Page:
An infrared absorbing agent represented by the general formula (I) can significantly reduce solubility in an alkali developer at image portions due to mutual action with the above-mentioned polymer compound (b) which is insoluble in water and soluble in alkali aqueous solution. While, at non-image portions, excellent discrimination in forming images is achieved, since to-alkali-solution solubility is recovered by decomposition of the infrared absorbing agent represented by the general formula (I) itself and/or cancellation of the mutual action ascribed to heat generation by absorption of a near infrared ray.

The above mentioned infrared absorbing agent represented by the general formula (I) will be described further in detail.

In the general formula (I), each of X1 and X2 independently represents —CR7R8—, —S—, —Se—, —NR9—, —CH═CH— or —O—. Wherein, R7 and R8 represent an alkyl group having 1 to 18 carbon atoms, a substituted alkyl group having 1 to 18 carbon atoms, an aryl group having 6 to 18 carbon atoms, or a substituted aryl group having 6 to 18 carbon atoms.

Each of R1 and R2 independently represents an alkyl group having 9 to 30 carbon atoms, and these alkyl groups may have a substituent.

Each of R3, R4, R5 and R6 independently represents a hydrogen atom, an alkyl group having 1 to 10 carbon atoms or a substituted alkyl group having 1 to 10 carbon atoms, R3 and R4 or R5 and R6 may be bonded together and represent a plurality of atoms necessary for forming an aliphatic 5-membered or 6-membered ring, aromatic 6-membered ring, aromatic 10-membered ring, substituted aromatic 6-membered ring or substituted aromatic 10-membered ring. R9 represents an alkyl group having 1 to 18 carbon atoms, a substituted alkyl group having 1 to 18 carbon atoms, an aryl group having 6 to 18 carbon atoms, or a substituted aryl group having 6 to 18 carbon atoms.

The above-mentioned alkyl group represented by R1 to R9 includes straight chain, branched or cyclic alkyl groups having 9 to 30, or 1 to 18 carbon atoms. Specific examples thereof include a methyl group, ethyl group, propyl group, butyl group, pentyl group, hexyl group, heptyl group, octyl group, nonyl group, decyl group, undecyl group, dodecyl group, tridecyl group, hexadecyl group, octadecyl group, eicosyl group, isopropyl group, isobutyl group, s-butyl group, t-butyl group, isopentyl group, neopentyl group, 1-methylbutyl group, isohexyl group, 2-ethylhexyl group, 2-methylhexyl group, cyclohexyl group, cyclopentyl group and 2-norbornyl group. Among them, it is more preferable that R1 and R2 represent a straight chain alkyl group, R3 to R9 represent a straight chain alkyl group having 1 to 10 carbon atoms, a branched alkyl group having 3 to 12 carbon atoms or a cyclic alkyl group having 5 to 10 carbon atoms.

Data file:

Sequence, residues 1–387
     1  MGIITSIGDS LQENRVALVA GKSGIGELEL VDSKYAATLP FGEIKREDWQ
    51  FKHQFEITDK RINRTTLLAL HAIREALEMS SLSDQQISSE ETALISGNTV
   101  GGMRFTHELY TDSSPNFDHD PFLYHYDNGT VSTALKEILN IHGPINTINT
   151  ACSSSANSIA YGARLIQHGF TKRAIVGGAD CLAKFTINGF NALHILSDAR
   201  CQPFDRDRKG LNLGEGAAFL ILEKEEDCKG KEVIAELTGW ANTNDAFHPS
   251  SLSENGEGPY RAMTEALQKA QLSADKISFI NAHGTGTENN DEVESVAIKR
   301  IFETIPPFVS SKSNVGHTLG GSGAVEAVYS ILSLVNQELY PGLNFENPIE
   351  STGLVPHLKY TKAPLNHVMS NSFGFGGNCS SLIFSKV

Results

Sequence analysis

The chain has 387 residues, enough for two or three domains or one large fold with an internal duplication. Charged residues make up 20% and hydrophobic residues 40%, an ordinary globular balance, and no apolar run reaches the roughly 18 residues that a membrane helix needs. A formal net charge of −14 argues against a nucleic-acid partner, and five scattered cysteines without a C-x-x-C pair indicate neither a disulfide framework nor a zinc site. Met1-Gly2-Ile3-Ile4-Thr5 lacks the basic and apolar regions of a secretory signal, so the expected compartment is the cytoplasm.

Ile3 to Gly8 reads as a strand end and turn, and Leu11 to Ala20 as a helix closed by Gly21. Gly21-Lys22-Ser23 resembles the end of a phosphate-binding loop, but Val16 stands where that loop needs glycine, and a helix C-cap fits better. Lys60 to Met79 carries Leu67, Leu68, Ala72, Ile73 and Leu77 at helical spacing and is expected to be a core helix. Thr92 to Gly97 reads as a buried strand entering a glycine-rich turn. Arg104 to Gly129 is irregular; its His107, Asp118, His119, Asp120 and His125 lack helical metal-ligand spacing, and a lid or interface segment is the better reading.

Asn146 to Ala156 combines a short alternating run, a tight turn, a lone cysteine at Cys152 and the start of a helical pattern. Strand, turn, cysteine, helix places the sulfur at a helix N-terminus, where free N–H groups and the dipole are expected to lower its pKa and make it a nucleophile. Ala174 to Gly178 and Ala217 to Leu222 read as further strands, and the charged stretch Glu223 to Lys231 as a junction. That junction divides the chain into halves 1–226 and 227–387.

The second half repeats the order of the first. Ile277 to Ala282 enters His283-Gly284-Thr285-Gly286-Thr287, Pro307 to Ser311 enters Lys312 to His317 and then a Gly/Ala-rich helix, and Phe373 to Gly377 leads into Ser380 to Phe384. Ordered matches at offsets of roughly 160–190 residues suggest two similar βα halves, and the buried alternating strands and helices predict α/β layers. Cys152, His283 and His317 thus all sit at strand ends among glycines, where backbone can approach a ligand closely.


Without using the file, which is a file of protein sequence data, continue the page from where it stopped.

When these alkyl groups have a substituent, monovalent non-metal atoms excepting hydrogen are used as the substituent. Preferable examples thereof include halogen atoms (—F, —Br, —Cl, —I), hydroxyl group, alkoxy groups, aryloxy groups, mercapto group, alkylthio groups, arylthio groups, alkyldithio groups, aryldithio groups, amino group, N-alkylamino groups, N,N-dialkyl amino groups, N-arylamino group, N,N-diarylamino groups, N-alkyl-N-arylamino groups, acyloxy groups, carbamoyloxy group, N-alkylcarbamoyloxy groups, N-arylcarbamoyloxy groups, N,N-dialkylcarbamoyloxy groups, N,N-diarylcarbamoyloxy groups, N-alkyl-N-arylcarbamoyloxy groups, alkylsulfoxy groups, arylsulfoxy groups, acylthio group, acylamino groups, N-alkylacylamino groups, N-arylacylamino groups, ureido group, N′-alkylureido groups, N′,N′-dialkylureido groups, N′-arylureido groups, N′,N′-diarylureido groups, N′-alkyl-N′-arylureido groups, N-alkylureido groups, N-arylureido groups, N′-alkyl-N-alkylureido groups, N′-alkyl-N-arylureido groups, N′,N′-dialkyl-N-alkylureido groups, N′,N′-dialkyl-N-arylureido groups, N′-aryl-N-alkylureido groups, N′-aryl-N-arylureido groups, N′,N′-diaryl-N-alkylureido groups, N′,N′-diaryl-N-arylureido groups, N′-alkyl-N′-aryl-N-alkylureido groups, N′-alkyl-N′-aryl-N-arylureido groups, alkoxycarbonylamino groups, aryloxycarbonylamino groups, N-alkyl-N-alkoxycarbonylamino groups, N-alkyl-N-aryloxycarbonylamino groups, N-aryl-N-alkoxycarbonylamino groups, N-aryl-N-aryloxycarbonylamino groups, formyl group, acyl groups, carboxyl group and conjugated base group (hereinafter, referred to as “carboxylate”), alkoxycarbonyl groups, aryloxycarbonyl groups, carbamoyl groups, N-alkylcarbamoyl groups, N,N-dialkylcarbamoyl groups, N-arylcarbamoyl groups, N,N-diarylcarbamoyl groups, N-alkyl-N-arylcarbamoyl groups, alkylsulfinyl groups, arylsulfinyl groups, alkylsulfonyl group, arylsulfonyl groups, sulfo group (—SO3H) and conjugated base thereof (hereinafter, referred to as “sulfonato group”), alkoxysulofnyl groups, aryloxysulfonyl groups, sulfinamoyl group, N-alkylsulfinamoyl groups, N,N-dialkylsulfinamoyl groups, N-arylsulfinamoyl groups, N,N-diarylsulfinamoyl groups, N-alkyl-N-arylsulfinamoyl groups, sulfamoyl group, N-alkylsulfamonyl groups, N,N-dialkylsulfamoyl groups, N-arylsulfamoyl groups, N,N-diarylsulfamoyl groups, N-alkyl-N-arylsulfamoyl groups, N-acylsulfamoyl group and conjugated base group, N-alkylsulfonylsulfamoyl groups (—SO2NHSO2R, R represents an alkyl group) and conjugated base group thereof, N-arylsulfonylsulfamoyl groups (—SO2NHSO2Ar, Ar represents a aryl group) and conjugated base group thereof, N-alkylsulfonylcarbamoyl groups (—CONHSO2R, R represents an alkyl group) and conjugated base group thereof, N-arylsulfonylcarbamoyl groups (—CONHSC2Ar, Ar represents an aryl group) and conjugated base group thereof, alkoxysilyl grops (—Si(OR)3, R represents an alkyl group), aryloxysilyl grops (—Si(OR)3, Ar represents an aryl group), hydroxysilyl group (—Si(OH)3) and conjugated base group thereof, phosphono group (—PO3H2) and conjugated base group thereof (hereinafter, referred to as “phosphonato group”), dialkylphosphono group (—PO3R2, R represents an alkyl group), diarylphosphono group (—PO3Ar2, Ar represents an aryl group), alkylarylphosphono group (—PO3(R)(Ar), R represents an alkyl group and Ar represents an aryl group), monoalkylphosphono group (—PO3H(R), R represents an alkyl group) and conjugated base group thereof (hereinafter, referred to as “alkylphosphonato group”), monoarylphosphono group (—PO3H(Ar), Ar represents an aryl group) and conjugated base group thereof (hereinafter, referred to as “arylphosphonato group”), phosphonooxy group (—OPO3H2) and conjugated base group thereof (hereinafter, referred to as “phosphonatooxy group”), dialkylphosphonooxy group (—OPO3(R)2 R represents an alkyl group), diarylphosphonooxy group (—OPO3(Ar)2 Ar represents an aryl group), alkylarylphosphonooxy group (—OPO3(R)(Ar), R represents an alkyl group and Ar represents an aryl group), monoalkylphosphonooxy group (—OPO3H(R), R represents an alkyl group) and conjugated base group thereof (hereinafter, referred to as “alkylphosphonatooxy group”), monoarylphosphonooxy group (—OPO3H(Ar), Ar represents an aryl group) and conjugated base group thereof (hereinafter, referred to as “arylphosphonatooxy group”), cyano group, nitro group, aryl groups, alkenyl group and alkinyl groups.